Sharps Bros Hellbreaker AR15 Lower with a WWII Fighter Plane Design

Sharps Bros Hellbreaker AR15 Lower Receiver
Sharps Bros Hellbreaker AR15 Lower Receiver

U.S.A.-(Ammoland.com)-My favorite fighter plane of all time is the Curtiss venerable P-40 Warhawk. It was the plane that the US Army Air Corp introduced in 1938. It wasn't the most powerful or fastest aircraft in the American fleet, but in my opinion, it was the best-looking plane ever to serve in the US Military.

With a shark mouth painted on the nose of the fighter, it struck fear into the enemy during World War II. There was no mistaking the prop-driven plane as it attacked enemies on the ground in North Africa. I am not the only one that has an affinity for the plane’s distinctive looks.

John Sharps also noticed the distinctive shark mouth on the iconic nose of the World War II fighter when he was looking for a design for his new AR-15 lower receiver. Sharps didn't want to design just another AR-15 lower receiver. He wanted something unique that was never seen before.

Not much has changed with AR-15 lower receivers since their inception back in the 1950s, but John Sharps and his new company, Sharps Bros was about to change the status quo on the gun world with the introduction of the new Hell Breaker lower receiver.

SHARPS BROS HELLBREAKER AR-15 LOWER RECEIVER - GEN 2
SHARPS BROS HELLBREAKER AR-15 LOWER RECEIVER – GEN 2

SHARPS BROS HELLBREAKER AR-15 LOWER RECEIVER – GEN 2

When I decided to start on a new AR-15 build, I wanted to make it look unique, and the Hell Breaker was the perfect starting point for my project. Not only did I want an impressive look, but I also wanted something that would be functional. I knew I loved the look of the Hellbreaker, but I was worried that it’s design would affect the functionality of the lower receiver.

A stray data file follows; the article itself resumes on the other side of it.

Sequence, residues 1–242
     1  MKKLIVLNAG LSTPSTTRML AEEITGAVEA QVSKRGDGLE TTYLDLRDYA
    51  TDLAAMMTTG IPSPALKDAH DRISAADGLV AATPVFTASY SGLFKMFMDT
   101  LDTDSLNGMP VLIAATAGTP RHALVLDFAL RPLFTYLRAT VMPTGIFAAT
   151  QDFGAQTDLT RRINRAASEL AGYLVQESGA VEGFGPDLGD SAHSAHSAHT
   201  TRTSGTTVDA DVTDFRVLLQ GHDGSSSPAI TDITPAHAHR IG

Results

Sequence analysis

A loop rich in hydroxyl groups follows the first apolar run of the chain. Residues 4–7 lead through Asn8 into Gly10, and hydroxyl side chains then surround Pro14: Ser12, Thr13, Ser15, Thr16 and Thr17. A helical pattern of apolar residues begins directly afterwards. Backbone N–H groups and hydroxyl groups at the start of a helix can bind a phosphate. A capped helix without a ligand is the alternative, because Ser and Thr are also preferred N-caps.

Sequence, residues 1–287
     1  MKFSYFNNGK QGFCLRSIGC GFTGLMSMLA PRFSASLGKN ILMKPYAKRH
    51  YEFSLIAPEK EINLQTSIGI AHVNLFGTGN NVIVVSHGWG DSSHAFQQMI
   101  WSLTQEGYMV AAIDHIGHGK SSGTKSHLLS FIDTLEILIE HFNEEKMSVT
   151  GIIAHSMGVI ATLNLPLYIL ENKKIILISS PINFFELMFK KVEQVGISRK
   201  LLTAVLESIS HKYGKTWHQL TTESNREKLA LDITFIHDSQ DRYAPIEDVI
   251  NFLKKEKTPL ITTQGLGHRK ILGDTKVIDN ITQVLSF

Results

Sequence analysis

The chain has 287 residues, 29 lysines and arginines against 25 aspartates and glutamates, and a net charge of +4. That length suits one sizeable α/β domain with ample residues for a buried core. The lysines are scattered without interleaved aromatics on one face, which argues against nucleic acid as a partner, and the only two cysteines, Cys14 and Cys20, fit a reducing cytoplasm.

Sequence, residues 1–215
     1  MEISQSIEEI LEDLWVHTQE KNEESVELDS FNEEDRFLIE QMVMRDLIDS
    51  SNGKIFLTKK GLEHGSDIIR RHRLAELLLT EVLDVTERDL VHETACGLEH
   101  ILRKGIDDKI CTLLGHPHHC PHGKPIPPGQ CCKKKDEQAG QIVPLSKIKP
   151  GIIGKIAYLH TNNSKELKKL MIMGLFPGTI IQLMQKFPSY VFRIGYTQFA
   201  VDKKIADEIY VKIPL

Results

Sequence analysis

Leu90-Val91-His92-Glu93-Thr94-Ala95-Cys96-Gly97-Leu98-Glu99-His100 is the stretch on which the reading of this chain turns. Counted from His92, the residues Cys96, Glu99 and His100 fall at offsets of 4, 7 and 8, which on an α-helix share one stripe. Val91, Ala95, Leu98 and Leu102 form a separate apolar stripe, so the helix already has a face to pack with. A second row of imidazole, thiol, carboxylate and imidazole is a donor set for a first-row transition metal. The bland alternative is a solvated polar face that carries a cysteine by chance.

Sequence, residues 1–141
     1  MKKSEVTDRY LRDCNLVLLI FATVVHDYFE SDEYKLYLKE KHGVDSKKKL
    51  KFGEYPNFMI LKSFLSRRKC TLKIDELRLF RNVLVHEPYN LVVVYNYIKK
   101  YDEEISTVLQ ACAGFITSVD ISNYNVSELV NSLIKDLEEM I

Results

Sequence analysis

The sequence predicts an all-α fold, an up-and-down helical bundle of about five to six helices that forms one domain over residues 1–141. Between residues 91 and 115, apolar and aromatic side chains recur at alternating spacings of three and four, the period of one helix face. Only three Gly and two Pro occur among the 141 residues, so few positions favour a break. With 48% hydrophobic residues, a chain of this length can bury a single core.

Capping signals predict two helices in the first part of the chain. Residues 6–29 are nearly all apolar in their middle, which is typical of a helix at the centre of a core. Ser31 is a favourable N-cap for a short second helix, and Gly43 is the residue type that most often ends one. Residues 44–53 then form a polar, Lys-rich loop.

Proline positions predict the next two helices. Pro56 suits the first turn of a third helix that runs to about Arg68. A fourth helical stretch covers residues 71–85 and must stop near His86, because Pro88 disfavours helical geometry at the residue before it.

The Sharps Bro. made the Hellbreaker out of 7075-T6 aluminum alloy. It is an incredibly corrosion-resistant and robust material. They then anodized the receiver to MIL-A-8625 specifications giving it even more protection from corrosion. These are the same specs used by the US military.

The Hellbreaker has a beveled magazine well flare. Sharps Bros. claim that this helps with magazine changes. It isn't too drastic, but in my testing, it did make a difference in the speed that I could change magazines.

A nice design feature of the Hellbreaker is the oversized integral trigger guard. I am a big fan of the integral trigger guard. I think they just look better than lowers without built-in trigger guards. The oversized trigger guard also lets the shooter acquire the trigger faster.

SHARPS BROS HELLBREAKER AR-15 LOWER RECEIVER - GEN 2
SHARPS BROS HELLBREAKER AR-15 LOWER RECEIVER – GEN 2

Another thing I liked about the Hellbreaker is universal to all Sharps Bros products. All their lower receivers are billet and not forged. This technique means Sharps Bros cuts their lower receivers using CNC machines from a single piece of aluminum instead of being molded.